Holiday Gift Guide: Gifts for readers

Today we kick off a week’s worth of great ideas to make your holiday shopping a snap

pkelley@charlotteobserver.comNovember 24, 2012 

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This year’s literary gift guide offers books to suit many readers – lovers of sports and mysteries, history buffs, children looking for a good bedtime tale. We’ve focused especially on homegrown talent, with more than a dozen books from writers and publishing houses with Carolinas connections.

Among them: “Billy Lynn’s Long Halftime Walk” ( Ecco, 320 pages, $25.99), by Chapel Hill native and UNC-Chapel Hill graduate Ben Fountain. Fountain’s debut was recently named a National Book Award finalist. The Washington Post calls the book “a masterful echo of ‘Catch-22,’ with war in Iraq at the center.” Find many more book and music ideas on pages 4-5D.

Birds of Paradise: Revealing the World’s Most Extraordinary Birds

By Tim Laman and Edwin Scholes (National Geographic Books, 228 pages, $50)

A renowned photographer and leading ornithologist share their research and stunning photos of all 39 species of these birds, which are found in the wilderness of Papua New Guinea.

The Best American Nonrequired Reading 2012

Edited by Dave Eggers (Mariner Books, 432 pages, $14.95)

“Eclectic” describes this collection of fiction and nonfiction by authors both well-known (Louise Erdrich, Junot Diaz) and not so well-known. It also includes a “haphazard stockpile of some pieces that don’t fit anywhere else,” such as the best tweets responding to the death of Osama Bin Laden.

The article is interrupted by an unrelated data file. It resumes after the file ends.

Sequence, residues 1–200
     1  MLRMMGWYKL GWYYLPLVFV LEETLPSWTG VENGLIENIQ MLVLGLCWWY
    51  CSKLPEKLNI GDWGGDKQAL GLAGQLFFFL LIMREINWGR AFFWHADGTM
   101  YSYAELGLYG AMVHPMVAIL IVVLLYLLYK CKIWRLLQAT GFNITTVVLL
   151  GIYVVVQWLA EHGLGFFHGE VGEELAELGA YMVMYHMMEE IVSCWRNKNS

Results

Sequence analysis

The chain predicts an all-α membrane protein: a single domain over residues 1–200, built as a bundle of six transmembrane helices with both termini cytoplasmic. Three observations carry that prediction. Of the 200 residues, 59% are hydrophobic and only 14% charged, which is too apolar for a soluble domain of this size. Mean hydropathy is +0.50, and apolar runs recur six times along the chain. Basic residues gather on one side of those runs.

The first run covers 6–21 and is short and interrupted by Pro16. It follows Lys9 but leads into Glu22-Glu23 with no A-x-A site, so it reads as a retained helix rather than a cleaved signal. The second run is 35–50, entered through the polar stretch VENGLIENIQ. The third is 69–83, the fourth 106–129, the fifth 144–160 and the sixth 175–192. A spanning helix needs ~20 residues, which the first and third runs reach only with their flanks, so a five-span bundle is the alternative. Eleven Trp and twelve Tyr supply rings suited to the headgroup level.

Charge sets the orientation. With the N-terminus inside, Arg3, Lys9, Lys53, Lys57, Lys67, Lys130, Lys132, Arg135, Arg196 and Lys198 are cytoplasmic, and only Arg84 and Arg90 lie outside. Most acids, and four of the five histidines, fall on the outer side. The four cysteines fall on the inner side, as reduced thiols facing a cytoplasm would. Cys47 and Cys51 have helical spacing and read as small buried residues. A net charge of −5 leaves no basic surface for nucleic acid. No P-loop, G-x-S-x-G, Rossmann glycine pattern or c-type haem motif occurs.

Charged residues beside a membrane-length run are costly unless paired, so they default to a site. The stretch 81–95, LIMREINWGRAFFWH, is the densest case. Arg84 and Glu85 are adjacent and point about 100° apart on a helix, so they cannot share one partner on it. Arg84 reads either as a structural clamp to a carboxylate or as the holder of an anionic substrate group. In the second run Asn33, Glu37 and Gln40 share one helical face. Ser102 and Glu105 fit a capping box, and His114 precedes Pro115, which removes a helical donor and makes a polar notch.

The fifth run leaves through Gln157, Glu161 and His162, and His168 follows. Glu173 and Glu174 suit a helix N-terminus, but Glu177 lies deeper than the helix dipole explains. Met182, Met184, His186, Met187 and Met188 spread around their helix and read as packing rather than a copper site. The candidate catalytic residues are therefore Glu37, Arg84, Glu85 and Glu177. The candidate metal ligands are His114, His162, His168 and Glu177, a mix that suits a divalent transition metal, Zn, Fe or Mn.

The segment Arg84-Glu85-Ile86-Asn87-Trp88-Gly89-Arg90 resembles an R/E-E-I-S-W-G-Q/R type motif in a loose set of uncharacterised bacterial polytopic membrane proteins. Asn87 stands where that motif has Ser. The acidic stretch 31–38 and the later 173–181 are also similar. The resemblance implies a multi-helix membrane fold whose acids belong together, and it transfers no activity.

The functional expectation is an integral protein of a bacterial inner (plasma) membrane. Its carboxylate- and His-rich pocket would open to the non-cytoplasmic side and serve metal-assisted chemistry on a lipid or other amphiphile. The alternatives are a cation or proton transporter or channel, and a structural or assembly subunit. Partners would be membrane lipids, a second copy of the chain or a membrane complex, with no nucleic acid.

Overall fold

The Last Lion: Winston Spencer Churchill, Defender of the Realm, 1940-1965

By William Manchester and Paul Reid (Little, Brown, 1,232 pages, $40)

This is the final volume of historian William Manchester’s best-selling “Last Lion” trilogy. Manchester died in 2004, but his friend Paul Reid, who lives in Tryon, about 90 miles west of Charlotte, completed it. Publishers Weekly says this “long-delayed majestic account” is worth the wait.


By E.T.A. Hoffman, illustrated by Maurice Sendak (Crown, 120 pages, $24.99)

This reissue of E.T.A. Hoffman’s classic story was first published in 1984. Illustrator Maurice Sendak, who died this year, based his pictures on Hoffman’s original 1816 short story, which he described as possessing “weird, dark qualities that make it something of a masterpiece.” Sendak, of course, brought his own brilliant, weird vision to the illustrations.

The Walnut Tree: A Holiday Tale

By Charles Todd (William Morrow, 256 pages, $16.99)

Mother-son team Caroline and Charles Todd write under the name Charles Todd. In recent years, they’ve won critical acclaim for their mysteries, but this new tale is a romance, set in Europe during World War I. Caroline Todd lives in Delaware, son Charles in Charlotte.

Kindle Paperwhite e-reader


Many purists have scoffed at e-readers, only to give them a grudging shot and find themselves sold. Amazon’s latest generation gadget (it’s on Consumer Reports’ recommended list) has higher contrast than the previous generation Kindle, a built-in front light for reading in all lighting conditions, battery life of up to eight weeks, and a thin, light design. (Wireless model is $179.)

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